Which specific acts or omissions constitute "crimes" depends on the governmental bodies where you live. Most likely you will be subject to three sets of laws at any given time. The first set is defined by federal statute. The second set is outlined by your state government. The third set are laws are enacted by local government and are commonly referred to as municipal ordinances. Local rules focus on the conduct that the local community expects people to abide by like speed limits in school zones and noise control at certain hours. If there is ever a conflict in federal law with a state or local rule, federal law will generally control.
Most crimes require that you complete an affirmative act before you can be punished for the conduct. If you store drugs in the pocket of your jacket, you affirmatively possess a controlled substance. Some crimes, ironically, punish for omissions. For example, if you are aware that your boyfriend is physically abusing your child, you could be charged for failing to report child abuse. The basis of the crime isn’t what you did, but rather what you failed to do.
The Role of Intent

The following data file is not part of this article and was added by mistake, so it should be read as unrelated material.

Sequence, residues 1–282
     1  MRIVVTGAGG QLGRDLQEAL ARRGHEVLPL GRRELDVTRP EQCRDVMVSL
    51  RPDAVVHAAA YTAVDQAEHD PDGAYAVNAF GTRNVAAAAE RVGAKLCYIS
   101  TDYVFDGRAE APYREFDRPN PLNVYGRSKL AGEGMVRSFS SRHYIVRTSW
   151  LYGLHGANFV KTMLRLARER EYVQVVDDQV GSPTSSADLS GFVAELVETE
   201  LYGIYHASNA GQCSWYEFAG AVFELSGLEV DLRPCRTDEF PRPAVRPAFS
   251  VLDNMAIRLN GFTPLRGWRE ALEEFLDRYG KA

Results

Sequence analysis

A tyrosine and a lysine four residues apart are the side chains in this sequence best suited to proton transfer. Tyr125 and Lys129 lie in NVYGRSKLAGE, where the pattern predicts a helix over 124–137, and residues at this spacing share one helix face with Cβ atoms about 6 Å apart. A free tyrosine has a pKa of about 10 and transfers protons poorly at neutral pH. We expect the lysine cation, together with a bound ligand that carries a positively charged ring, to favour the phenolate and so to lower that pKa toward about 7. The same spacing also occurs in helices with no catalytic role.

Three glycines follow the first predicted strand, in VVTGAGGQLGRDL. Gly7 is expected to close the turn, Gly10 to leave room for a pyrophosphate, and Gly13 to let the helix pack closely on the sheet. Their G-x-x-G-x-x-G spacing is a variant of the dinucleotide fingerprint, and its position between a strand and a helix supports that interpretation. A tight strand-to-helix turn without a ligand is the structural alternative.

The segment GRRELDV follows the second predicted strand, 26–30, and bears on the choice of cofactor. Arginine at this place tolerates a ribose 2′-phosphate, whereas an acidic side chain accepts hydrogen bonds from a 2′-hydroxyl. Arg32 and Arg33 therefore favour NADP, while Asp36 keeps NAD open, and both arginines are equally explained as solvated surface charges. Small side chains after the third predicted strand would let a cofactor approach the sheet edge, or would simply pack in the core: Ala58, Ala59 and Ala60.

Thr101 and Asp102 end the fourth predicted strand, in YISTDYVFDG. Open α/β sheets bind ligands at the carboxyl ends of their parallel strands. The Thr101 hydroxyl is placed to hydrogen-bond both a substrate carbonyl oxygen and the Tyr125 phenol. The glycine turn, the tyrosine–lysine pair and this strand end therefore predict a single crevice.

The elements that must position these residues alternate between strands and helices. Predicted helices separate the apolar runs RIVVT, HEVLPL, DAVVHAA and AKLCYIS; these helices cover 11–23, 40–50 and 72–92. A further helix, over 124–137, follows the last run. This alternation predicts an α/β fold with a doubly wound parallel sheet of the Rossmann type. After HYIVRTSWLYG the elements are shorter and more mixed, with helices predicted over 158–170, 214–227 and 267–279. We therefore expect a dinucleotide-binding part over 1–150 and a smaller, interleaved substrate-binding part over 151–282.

Many people also assume that crimes are the result of an intentional conduct. Like noted above, if you intentionally had drugs, you could be punished for the intent of your conduct. However, many crimes can involve negligent conduct. Speeding is probably the best example. A good number of people never really intend to speed. They just (for instance) get caught up in their favorite song and never notice that they depressed the accelerator a bit too much. But regardless of the intent, they are still liable for the speeding ticket. Another crime which has been growing in momentum is using a cell phone while driving. Because of the number of children injured, many states and communities have begun enacting laws which prohibit you from driving in a school zone while using a cell phone. If you injure a child while going through a school zone and using a cell phone, you could be charged for negligently causing injuries to the child. You did not intend to hurt the child, but because of your negligence, you could still be criminally prosecuted and punished.